The causes and effects of human induced environmental changes are complex and interrelated with consequences that may not be obvious but are none the less important.
Despite being heavily criticised by the chemical industry at the time of its publication, Rachel Carson was posthumously awarded the Presidential Medal of Freedom by U.S. President Jimmy Carter and her book is now recognised as one of the 25 greatest science books of all time.
Early pesticides, such as DDT, were long lived chemicals in the environment and although applied to control insects, they accumulated as they moved up the food chain so had significant effects on higher trophic level organisms, especially birds. In predatory birds, such as falcons, DDT was blamed for the thinning of egg shells leading to egg breakages and declining populations.
Rachel Carson chose Silent Spring as the name for her chapter about pesticide impacts on birds, inspired by a poem with the lines "The sedge is wither'd from the lake, And no birds sing." by the English Romantic poet John Keats. She later accepted a suggestion to make it the title of the book. At one level Silent Spring tells us about the perils of ignoring environmental management. At another level it shows us the complex inter-relatedness of ecology, lessons still salient today.
November, in much of New Zealand's remaining native forest, is a silent spring not because of human impacts through pesticide use but through the introduction of invasive mammals.
Our field station includes recovering native forest on steep slopes with kanuka forest along ridge lines that were once pasture, and mature native forest in the deep stream valley. The dry kanuka forest has a simple structure but the mature forest is diverse with large puriri, spreading kohekohe, towering nikau and emerging tawa. The understory, although not dense because of browsing, has Macropiper, mahoe, pigeonwood and rangiora. Supplejack, bush lawyer and rare kiekie climb from the ground into the canopy. It is not magnificent forest but it is functional forest.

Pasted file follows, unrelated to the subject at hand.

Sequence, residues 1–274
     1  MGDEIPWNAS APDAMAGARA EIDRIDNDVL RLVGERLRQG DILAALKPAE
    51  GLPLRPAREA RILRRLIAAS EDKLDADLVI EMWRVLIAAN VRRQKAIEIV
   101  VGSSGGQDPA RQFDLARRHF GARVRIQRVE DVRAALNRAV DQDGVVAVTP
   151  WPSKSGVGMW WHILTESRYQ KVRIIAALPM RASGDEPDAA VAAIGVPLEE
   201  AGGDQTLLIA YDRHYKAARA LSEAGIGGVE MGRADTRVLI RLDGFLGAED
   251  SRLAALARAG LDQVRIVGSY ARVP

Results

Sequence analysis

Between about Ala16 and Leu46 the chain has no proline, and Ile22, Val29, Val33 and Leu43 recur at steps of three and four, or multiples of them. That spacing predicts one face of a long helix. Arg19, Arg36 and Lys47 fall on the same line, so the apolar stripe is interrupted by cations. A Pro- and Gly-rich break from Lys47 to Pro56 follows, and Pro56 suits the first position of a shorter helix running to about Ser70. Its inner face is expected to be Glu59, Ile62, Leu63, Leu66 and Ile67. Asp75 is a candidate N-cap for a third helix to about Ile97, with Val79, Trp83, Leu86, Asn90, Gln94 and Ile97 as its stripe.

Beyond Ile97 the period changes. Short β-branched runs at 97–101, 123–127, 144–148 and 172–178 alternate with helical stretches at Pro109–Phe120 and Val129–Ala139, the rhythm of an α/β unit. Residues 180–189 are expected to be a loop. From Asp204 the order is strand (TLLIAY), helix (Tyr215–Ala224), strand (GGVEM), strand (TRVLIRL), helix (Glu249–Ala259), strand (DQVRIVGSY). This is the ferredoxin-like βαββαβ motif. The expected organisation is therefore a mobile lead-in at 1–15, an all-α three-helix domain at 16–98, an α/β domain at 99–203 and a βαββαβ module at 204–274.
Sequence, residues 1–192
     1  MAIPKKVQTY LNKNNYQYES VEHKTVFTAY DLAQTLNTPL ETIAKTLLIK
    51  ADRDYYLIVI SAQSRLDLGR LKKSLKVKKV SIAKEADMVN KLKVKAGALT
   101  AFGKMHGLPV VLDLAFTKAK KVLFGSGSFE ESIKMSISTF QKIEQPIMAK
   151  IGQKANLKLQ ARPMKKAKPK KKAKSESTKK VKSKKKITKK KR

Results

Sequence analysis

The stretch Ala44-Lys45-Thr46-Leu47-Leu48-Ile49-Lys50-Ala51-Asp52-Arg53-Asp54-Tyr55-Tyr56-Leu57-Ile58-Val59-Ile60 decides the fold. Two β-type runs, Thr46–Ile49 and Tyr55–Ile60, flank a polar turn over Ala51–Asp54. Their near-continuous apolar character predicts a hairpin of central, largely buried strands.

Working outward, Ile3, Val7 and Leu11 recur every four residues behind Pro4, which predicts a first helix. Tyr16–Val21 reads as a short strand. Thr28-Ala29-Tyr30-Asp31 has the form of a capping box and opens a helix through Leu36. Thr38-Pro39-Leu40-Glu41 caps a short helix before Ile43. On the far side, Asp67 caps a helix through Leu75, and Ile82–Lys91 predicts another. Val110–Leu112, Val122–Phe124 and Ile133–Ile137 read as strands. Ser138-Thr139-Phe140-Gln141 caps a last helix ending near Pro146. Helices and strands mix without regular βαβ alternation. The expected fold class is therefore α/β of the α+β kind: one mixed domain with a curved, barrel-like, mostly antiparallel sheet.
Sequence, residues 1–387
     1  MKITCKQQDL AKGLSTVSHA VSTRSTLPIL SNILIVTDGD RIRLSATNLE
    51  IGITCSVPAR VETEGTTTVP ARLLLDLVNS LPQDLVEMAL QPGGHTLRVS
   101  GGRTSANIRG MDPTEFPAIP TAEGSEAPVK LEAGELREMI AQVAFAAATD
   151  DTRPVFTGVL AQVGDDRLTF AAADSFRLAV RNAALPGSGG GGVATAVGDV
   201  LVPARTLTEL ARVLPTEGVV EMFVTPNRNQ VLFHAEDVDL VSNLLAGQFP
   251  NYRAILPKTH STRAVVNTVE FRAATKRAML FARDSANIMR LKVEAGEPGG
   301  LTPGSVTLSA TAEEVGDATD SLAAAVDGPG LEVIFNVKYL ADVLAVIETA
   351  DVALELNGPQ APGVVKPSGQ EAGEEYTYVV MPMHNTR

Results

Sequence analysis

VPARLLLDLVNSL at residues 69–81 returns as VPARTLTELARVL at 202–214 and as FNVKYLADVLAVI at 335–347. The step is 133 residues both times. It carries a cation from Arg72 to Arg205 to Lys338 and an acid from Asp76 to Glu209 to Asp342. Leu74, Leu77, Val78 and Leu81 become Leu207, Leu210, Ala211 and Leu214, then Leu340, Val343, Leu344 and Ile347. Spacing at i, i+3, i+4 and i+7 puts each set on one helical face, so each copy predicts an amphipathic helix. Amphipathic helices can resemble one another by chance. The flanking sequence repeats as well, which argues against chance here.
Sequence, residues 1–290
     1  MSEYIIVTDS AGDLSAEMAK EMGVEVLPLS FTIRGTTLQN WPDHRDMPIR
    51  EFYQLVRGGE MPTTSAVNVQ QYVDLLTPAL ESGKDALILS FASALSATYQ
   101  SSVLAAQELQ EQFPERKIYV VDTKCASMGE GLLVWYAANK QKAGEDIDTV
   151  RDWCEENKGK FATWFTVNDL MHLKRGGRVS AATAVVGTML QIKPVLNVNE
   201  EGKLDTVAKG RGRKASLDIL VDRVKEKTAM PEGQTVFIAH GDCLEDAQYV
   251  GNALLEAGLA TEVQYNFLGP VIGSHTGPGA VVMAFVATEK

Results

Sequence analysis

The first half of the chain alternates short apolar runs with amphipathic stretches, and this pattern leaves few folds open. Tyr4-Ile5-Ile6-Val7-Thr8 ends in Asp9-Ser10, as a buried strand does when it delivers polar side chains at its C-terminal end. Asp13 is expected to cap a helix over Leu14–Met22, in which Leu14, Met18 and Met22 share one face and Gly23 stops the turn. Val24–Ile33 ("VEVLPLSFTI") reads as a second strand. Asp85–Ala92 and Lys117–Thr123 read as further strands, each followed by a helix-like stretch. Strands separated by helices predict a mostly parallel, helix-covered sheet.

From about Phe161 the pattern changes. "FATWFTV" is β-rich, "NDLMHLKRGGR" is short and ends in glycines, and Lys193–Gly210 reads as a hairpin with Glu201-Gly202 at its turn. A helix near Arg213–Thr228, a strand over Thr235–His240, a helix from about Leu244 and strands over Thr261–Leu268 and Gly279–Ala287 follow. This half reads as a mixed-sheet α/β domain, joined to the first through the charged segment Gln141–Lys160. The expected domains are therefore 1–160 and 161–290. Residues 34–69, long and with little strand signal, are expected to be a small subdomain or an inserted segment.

It is forest that should provide wildlife resources throughout the year from kohekohe flowering in winter to kowhai flowering in spring and rewarewa flowering through early summer. The massive puriri should produce fruit and flowers in all months of the year.
Yet stopping to listen along our traplines in November results in the loudest noise being the panting of our Labrador cross who enjoys pointing out the trap stations. Occasionally a sole tui call may be heard but for bird calls the best chance is to hear the twittering of a fantail chasing insects the dog has disturbed. When rain is forecast the delightful trilling of the grey warbler is a pleasant addition. Very very occasionally a pied tit will be heard and fleetingly seen.
Does this pattern of wildlife encounters say anything about the natural processes at play in these silent forests? The received wisdom is that invasive mammals predate wildlife, and there is no doubt they do. But why are the native birds that are present predominantly insectivores? How come the insectivorous birds escape predation from mammalian predators to be the most frequently encountered birds in the forest? Or do they?
The invasive mammals now present in New Zealand's forests include pure carnivores such as cats and stoats, but the rodents are omnivores with mice being mostly a herbivore. Could it be that insectivorous birds face the same predation pressure as all wildlife, but the birds that are not predominantly insect feeders, birds like silvereye and bellbird and kereru wood pigeon face the added pressure of food competition from invasive mammals.
Should we be viewing the invasive mammals that have silenced the spring as being interlopers that not only prey directly on native wildlife but also prey on the food that feeds native wildlife by stripping the forest of its fruit and nectar resources so those birds who depend on those resources face both competition and predation from invasive mammals. In contrast, the insectivorous birds principally face just the predation side of this deadly combination.
Sure, omnivorous rodents eat insects as well, especially large bodied invertebrates like weta, but the insect biomass in New Zealand forests is massive and it reproduces quickly. In contrast, most fruit is produced once a year and in some cases, can take months to ripen. Flowers, with their rich source of nectar, may last only days.
The web of linkages, relationships, processes and feedbacks between all the elements that make up the forest ecosystem is bewilderingly complex, multidimensional and in a constant state of flux. At one level this new silent spring shows us the need for environmental management through invasive mammal control. At another level it tells us about the complex inter-relatedness of ecology, lessons that will be salient always.
What's in a Name?
The familiar saying "A bird in the hand is worth two in the bush" warns about the risks that come with trying to achieve more by challenging the status quo.